How to Manage Kitchen Waste
A lot of things come to mind when we think about rubbish. Generally speaking, though, we think rubbish bags. I’m here to tell you that even your average Joe and Josephine have been fooled by the illusion that we need to wrap our rubbish in more rubbish to dispose of it. It’s like throwing a landfill in another landfill. Here’s some tips for how to manage kitchen waste.
A brief history
Rubbish bags came about because people didn’t want food waste dripping into an already sealed off compartment.. go figure. Enter the 1950s and Canadian inventors Harry Wasylyk and Larry Hansen. Wasylyk created the bag in his kitchen, made out of stretchy, waterproof polyethylene.
- Prep your meals and plan your shopping trips. You want to be able to eat what you’ve bought without it going bad. Therefore, buy only what you’ll need.
- Don’t buy unnecessary packaging (if you’re not sure what unnecessary is- the penny will drop when your apple is wrapped in a polystyrene container, wrapped in a layer of cling wrap).
- Eat less livestock, vegan or veggie alternatives that don’t include soy are for the most part tastier and won’t stink up your rubbish bin as much.
- Most importantly, almost all, natural food waste can be used as compost for the garden- throw in some earth worms to generate a richer compost and you’re in business.
(Compost if not used in the garden can be stored in newspaper in the freezer or in a separated, unlined bin outside until trash day)
(Tip: Use bees wax covers instead of cling wrap. There are also vegan style food wrap covers if you’re anti bees wax)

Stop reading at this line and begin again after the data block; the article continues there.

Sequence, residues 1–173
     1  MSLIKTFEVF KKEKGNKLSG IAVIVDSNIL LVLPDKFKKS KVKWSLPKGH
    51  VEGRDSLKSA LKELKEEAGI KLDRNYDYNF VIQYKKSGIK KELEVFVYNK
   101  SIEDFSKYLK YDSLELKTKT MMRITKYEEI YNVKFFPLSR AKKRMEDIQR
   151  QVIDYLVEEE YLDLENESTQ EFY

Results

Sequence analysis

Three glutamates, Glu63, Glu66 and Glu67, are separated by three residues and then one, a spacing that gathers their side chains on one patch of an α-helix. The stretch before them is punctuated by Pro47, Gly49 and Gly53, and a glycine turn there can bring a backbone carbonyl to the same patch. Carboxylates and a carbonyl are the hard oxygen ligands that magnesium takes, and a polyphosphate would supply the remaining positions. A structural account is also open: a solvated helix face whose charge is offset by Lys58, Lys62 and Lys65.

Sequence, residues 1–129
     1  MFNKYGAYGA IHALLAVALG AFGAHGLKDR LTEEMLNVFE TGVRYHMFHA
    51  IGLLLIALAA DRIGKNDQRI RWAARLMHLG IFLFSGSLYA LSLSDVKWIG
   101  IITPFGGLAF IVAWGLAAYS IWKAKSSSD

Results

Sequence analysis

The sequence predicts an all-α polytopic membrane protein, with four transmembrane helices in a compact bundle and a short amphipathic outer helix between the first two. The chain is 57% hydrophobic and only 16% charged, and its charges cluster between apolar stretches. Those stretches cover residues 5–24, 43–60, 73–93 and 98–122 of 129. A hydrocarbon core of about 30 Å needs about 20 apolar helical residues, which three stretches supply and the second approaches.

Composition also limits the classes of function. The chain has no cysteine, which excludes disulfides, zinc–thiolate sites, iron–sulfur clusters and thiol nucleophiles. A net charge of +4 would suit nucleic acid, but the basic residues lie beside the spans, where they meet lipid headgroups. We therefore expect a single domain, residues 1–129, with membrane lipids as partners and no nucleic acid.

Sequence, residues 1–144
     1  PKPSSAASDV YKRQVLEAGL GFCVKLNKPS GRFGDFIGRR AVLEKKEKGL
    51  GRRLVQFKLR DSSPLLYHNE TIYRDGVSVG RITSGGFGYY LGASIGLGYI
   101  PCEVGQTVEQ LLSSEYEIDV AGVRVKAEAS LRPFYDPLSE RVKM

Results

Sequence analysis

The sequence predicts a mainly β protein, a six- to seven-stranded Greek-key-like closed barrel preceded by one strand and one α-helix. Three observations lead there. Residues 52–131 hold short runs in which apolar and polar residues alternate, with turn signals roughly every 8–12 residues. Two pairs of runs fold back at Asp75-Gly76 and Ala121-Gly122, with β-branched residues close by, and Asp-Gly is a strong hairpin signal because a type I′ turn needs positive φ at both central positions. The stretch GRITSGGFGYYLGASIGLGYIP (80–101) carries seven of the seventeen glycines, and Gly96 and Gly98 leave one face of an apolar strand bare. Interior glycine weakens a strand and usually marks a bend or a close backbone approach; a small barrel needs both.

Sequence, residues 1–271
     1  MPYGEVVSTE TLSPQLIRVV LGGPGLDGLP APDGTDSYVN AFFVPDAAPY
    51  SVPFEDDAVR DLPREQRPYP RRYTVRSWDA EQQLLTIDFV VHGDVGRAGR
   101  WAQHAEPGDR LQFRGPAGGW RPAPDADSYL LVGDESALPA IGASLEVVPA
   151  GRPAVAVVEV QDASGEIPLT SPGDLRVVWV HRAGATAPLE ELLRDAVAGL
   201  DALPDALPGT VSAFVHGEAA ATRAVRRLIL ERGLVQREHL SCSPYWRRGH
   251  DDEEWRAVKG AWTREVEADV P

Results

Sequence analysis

Not only that but a heap of compost generates enough heat to heat up pipe- so if you really want to make the most of it, you can build a natural, warm outdoor shower. Compost heaps can provide hot water for showers for up to 10 months. In a nut shell, the idea is to layer coils of insulated poly pipe between layers of compost (allow for about 20 cm of mulch for each layer of compost). Leave to bake for about a week and expect a cosy 45 ℃.
To make this even more exciting, the water that comes from that shower (provided you aren’t using harmful soaps) allows for further optimisation by enabling the water from the shower runoff to water plants, including fruits.
Cut offs and other garden trimmings can also be used for your outdoor shower.
(Tip: Try to keep the smellier food compost hidden under plant-based compost)
And boom! No unpleasant smells in the house, no trash bags, less nonsense packaging, healthy, thriving garden, an outdoor shower and to top it all off, fresh fruit to pick as you shower or go about your garden duties.
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